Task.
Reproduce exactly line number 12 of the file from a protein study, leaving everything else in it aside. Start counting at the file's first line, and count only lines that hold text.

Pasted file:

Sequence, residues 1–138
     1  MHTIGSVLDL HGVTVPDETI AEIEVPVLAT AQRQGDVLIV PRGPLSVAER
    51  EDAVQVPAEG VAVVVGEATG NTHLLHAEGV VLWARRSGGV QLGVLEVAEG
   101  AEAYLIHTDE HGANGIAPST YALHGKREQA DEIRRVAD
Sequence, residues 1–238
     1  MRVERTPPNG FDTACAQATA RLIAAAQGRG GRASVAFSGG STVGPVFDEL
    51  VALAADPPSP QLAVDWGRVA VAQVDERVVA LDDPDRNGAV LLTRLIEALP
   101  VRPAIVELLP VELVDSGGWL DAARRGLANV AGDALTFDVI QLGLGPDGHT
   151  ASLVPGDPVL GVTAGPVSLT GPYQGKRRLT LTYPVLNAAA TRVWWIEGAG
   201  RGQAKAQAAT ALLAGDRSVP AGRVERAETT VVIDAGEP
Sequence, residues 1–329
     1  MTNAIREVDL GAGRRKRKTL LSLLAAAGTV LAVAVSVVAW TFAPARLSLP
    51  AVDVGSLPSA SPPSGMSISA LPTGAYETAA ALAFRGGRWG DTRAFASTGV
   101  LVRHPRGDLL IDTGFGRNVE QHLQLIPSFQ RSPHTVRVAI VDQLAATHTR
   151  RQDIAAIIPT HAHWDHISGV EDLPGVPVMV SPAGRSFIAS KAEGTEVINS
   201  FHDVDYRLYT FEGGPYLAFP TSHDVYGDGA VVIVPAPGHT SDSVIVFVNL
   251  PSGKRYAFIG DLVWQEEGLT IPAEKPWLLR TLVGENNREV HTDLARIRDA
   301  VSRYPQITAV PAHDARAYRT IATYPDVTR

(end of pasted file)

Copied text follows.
     1  MTNAIREVDL GAGRRKRKTL LSLLAAAGTV LAVAVSVVAW TFAPARLSLP